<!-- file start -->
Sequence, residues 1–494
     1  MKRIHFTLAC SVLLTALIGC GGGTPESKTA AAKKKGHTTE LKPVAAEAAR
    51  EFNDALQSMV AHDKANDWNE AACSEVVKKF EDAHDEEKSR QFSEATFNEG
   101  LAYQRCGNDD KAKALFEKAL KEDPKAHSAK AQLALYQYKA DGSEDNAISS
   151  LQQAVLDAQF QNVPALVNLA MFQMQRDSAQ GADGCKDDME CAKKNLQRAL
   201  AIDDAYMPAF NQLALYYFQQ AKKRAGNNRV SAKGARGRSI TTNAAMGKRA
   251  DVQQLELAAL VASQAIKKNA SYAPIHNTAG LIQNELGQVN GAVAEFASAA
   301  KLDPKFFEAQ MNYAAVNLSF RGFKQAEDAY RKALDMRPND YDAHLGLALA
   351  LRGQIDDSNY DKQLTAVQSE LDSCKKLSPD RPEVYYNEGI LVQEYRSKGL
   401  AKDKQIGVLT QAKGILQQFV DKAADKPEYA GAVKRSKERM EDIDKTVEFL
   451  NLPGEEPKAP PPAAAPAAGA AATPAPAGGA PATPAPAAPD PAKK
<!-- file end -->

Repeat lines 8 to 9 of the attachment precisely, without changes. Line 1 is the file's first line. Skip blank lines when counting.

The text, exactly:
   301  KLDPKFFEAQ MNYAAVNLSF RGFKQAEDAY RKALDMRPND YDAHLGLALA
   351  LRGQIDDSNY DKQLTAVQSE LDSCKKLSPD RPEVYYNEGI LVQEYRSKGL